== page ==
Friday, January 27, 2012

Fire In The Hole

Yesterday was a red letter day. I fired the bike for the first time in way too long. The new fuel system seems to work fine. I had a few minor leaks (ya gotta tighten down ALL of the fittings). Once again, I have to give props to my Odyssey battery. It has sat, unused, since I tore the bike down. I put the charger on it for 20 minutes or so and it started immediately. The real bonus was the clutch. In a previous post I outlined how I redid the bell crank from the cable to the booster. I'm not sure why, but the pull on the handlebar lever decreased markedly. It now feels like a normal HD clutch. Very light and smooth. I'm stoked over it. I may play with the ratio a bit to see if I can get a little more stroke. It will increase effort at the lever, but a bit more won't be an issue. For the few clutch bikes that are still out there, I really recommend the piggy backed booster and mousetrap. It was simple to build and it works.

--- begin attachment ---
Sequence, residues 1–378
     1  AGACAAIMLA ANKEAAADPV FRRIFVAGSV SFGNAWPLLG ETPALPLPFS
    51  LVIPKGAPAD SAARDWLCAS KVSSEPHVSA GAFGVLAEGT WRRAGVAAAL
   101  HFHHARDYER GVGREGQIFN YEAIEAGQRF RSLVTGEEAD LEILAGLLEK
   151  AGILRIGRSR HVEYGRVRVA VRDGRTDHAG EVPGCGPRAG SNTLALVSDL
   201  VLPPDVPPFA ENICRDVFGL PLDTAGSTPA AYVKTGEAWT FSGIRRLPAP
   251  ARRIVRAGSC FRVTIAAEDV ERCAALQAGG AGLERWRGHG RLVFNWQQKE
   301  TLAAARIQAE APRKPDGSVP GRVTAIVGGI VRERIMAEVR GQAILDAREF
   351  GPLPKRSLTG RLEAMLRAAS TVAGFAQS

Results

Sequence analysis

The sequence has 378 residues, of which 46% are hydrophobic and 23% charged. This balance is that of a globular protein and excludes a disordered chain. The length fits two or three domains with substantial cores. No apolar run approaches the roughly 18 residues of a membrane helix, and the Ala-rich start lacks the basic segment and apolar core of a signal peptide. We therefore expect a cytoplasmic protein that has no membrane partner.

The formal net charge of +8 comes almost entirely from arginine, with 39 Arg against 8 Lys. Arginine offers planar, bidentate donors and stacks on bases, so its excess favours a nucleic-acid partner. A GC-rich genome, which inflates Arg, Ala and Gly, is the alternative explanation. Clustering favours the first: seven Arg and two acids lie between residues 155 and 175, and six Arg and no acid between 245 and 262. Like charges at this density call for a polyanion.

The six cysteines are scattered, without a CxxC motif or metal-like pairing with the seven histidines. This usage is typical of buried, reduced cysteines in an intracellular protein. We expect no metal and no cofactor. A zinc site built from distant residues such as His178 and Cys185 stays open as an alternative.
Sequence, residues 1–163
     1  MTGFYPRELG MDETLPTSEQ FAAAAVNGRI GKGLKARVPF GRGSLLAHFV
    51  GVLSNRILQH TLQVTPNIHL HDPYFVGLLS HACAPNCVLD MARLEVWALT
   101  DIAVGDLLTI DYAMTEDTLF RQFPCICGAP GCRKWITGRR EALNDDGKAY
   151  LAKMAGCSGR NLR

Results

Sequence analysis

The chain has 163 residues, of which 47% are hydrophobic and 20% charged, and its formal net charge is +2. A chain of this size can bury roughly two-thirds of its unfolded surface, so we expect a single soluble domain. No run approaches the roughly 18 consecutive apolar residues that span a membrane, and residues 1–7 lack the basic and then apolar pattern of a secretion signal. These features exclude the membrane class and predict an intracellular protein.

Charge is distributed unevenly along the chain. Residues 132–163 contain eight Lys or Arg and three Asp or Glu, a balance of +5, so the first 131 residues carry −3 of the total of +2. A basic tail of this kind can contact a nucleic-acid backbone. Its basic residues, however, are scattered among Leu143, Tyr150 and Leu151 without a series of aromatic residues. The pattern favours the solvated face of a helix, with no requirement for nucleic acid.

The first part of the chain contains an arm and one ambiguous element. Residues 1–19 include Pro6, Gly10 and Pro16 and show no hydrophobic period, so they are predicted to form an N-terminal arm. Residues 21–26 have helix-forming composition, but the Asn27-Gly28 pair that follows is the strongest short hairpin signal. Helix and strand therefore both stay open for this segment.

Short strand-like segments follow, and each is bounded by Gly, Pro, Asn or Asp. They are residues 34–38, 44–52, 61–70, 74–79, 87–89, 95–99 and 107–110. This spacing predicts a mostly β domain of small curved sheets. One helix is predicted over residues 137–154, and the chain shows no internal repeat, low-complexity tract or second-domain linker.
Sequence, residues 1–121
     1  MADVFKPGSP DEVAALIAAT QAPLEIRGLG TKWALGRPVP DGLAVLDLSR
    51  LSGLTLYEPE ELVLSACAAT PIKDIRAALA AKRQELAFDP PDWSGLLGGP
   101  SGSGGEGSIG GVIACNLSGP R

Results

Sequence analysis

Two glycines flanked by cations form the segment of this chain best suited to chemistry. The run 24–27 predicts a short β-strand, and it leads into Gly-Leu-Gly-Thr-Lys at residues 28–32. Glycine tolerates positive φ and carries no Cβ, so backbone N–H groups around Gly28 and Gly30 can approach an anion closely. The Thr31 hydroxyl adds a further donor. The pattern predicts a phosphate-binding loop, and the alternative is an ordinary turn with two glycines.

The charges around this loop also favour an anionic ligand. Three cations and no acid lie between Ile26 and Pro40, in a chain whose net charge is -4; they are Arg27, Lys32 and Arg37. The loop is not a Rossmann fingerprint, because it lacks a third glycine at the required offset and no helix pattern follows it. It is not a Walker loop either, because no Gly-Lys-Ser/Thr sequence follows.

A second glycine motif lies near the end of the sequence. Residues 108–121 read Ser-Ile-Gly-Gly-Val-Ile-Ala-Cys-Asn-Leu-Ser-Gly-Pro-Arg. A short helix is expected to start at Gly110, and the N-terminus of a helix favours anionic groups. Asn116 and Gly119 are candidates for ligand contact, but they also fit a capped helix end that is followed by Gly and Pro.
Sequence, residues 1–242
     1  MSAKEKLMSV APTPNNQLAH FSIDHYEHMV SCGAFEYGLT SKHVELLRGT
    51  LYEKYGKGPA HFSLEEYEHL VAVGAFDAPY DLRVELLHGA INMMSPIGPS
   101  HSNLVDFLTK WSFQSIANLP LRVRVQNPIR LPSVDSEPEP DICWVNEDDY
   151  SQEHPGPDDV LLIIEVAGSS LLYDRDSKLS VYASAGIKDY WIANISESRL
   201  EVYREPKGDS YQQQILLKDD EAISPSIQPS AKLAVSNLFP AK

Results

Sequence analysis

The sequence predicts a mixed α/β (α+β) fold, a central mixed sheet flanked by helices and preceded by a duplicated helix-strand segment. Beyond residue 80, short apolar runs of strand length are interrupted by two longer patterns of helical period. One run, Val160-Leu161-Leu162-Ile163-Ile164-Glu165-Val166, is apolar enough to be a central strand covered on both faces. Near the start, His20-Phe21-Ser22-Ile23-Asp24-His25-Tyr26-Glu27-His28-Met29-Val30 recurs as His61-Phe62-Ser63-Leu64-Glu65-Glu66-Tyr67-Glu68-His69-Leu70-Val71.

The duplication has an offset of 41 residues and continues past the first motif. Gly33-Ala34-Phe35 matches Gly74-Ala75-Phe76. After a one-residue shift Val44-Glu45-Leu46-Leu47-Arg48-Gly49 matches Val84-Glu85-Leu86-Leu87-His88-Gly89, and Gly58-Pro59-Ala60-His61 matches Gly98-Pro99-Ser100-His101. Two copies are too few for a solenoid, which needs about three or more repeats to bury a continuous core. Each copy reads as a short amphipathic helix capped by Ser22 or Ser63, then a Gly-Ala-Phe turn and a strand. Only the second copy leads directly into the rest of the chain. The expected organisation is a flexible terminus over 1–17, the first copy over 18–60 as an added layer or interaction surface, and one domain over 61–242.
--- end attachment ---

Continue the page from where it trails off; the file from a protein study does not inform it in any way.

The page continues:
Monkeying Around

It's said that man's opposable thumbs and his tool making/using abilities separates him from the lower primates. I have found that I needed a few special tools to work on the bike. The first is a 9/16 inch hex key to remove the new swing arm bolts. Nobody stocks one and, online, they are too expensive for the Po' Boy. I went to the hardware store and picked up a 1/2 inch coupling nut, took it home, ran a bolt into it and welded it up. I now have a small hex drive that I can insert into the head of the bolt and put a socket or wrench on the other end. The second one is a spark plug socket that I can use to pull the plugs without dropping the headers. I just took a cheapo 5/8 deep socket, cut it down to about one inch and welded a nut on one end. It slips on the plug and, again, I can turn it with a wrench. The last one is a 1/2 inch length of 1/4 inch hex key, once again, welded to a nut. I use this to adjust my fuel pressure regulator. It is tucked up under the neck and the adjustment screw is impossible to get at with any conventional tool. I, simply, insert the key into the screw and turn it with my fingers, using the nut as a little thumb wheel.